Jamstack proponents want to incorporate website components from a number of different companies that are laser-focused on a particular capability, such as Stripe's credit-card processing services. This decoupled approach also makes it easier to implement concepts like serverless computing on the back end of a site, freeing developers from having to know anything about the hardware running their sites.

But Mullenweg sees echoes of the "widget" era of web development more than a decade ago, when lots of companies pitched website owners on implementing their social-media sharing buttons for social media networks, or third-party commenting systems. Some of those companies, like Max Levchin's Slide and Disqus, raised lots of money only to fall out of favor with site owners that wanted simpler solutions.

"As you get into more advanced functionality, [the] Jamstack approach can become quite complex," he said.

'Peak centralization'

Still, the internet is so central to all our lives that consumer expectations have changed when it comes to site performance and functionality, which only guarantees more complexity. And there are signs that after a period of intense centralization in computing with the rise of the cloud, businesses are looking for a different approach.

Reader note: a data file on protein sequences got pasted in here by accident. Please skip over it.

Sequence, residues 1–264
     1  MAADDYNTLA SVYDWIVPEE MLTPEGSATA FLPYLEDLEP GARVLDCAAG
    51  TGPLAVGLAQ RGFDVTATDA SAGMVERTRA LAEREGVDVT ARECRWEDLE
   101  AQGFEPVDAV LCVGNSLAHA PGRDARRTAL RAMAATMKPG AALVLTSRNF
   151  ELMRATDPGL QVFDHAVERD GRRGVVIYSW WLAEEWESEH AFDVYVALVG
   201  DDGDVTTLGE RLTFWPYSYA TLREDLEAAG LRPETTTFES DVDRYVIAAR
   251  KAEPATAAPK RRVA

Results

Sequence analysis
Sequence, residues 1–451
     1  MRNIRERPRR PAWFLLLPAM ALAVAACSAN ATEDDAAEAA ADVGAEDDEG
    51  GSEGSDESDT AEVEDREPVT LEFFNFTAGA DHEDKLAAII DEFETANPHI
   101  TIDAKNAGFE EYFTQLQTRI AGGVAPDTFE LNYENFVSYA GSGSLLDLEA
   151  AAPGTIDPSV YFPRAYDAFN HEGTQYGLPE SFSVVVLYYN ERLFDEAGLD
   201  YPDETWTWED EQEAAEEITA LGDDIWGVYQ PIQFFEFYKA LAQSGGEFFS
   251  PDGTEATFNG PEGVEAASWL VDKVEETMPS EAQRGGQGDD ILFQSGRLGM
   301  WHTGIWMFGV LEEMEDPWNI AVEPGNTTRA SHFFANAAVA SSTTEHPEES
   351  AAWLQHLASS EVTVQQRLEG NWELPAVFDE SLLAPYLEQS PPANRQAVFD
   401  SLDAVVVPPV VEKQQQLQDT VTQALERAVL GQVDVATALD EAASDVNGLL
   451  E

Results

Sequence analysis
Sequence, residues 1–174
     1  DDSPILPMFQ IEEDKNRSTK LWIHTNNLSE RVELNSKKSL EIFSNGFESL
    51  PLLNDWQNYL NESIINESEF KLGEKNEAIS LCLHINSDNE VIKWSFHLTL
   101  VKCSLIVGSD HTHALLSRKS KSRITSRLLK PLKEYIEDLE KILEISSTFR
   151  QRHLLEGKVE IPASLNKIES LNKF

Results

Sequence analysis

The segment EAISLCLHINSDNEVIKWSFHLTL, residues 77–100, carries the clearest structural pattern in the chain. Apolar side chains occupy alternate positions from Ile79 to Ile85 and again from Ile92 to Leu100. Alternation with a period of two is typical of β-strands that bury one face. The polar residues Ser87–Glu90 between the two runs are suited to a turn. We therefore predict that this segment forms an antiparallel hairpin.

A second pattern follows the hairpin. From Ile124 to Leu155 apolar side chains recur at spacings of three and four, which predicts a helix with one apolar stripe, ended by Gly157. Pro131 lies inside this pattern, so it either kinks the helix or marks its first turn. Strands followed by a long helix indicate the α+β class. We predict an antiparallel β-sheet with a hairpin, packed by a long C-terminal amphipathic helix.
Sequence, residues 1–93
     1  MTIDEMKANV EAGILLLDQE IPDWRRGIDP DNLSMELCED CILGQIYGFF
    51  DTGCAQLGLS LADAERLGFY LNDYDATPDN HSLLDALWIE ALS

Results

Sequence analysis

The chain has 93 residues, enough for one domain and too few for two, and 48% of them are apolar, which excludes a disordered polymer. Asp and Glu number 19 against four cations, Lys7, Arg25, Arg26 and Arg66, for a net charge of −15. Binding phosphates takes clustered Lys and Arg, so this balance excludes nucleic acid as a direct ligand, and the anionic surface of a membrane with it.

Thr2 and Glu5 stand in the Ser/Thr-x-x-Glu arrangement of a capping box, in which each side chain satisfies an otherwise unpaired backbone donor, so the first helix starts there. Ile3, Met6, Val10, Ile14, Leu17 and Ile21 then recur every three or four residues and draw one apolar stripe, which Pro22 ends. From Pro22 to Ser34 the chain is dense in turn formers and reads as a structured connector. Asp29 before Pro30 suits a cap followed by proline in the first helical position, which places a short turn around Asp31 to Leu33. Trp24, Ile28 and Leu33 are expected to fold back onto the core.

"We are at peak centralization right now," said Microsoft CEO Satya Nadella in April. "As computing becomes embedded everywhere in our world, transforming how we interact with people, places, and things, and as the physical and digital worlds converge, we will require more sovereignty and more decentralized control."

There are many factors driving the push for decentralization, but two of the biggest are easy to understand.

Applications delivering data in real time — a rapidly-growing category — will struggle with the latency caused by a more tightly coupled, traditional approach. And looming data localization laws under consideration around the world could force decoupled application designs that can work with multiple back-end systems in the same countries as their end users.

"I think we're going to see people adopt Jamstack, especially in line with these sort of edge technologies or easy deployment methods, pretty rapidly," said Graham-Cumming. "I think this is going to become a mainstream way of doing things because it is such a nice experience as a developer, and in general, developer experience wins."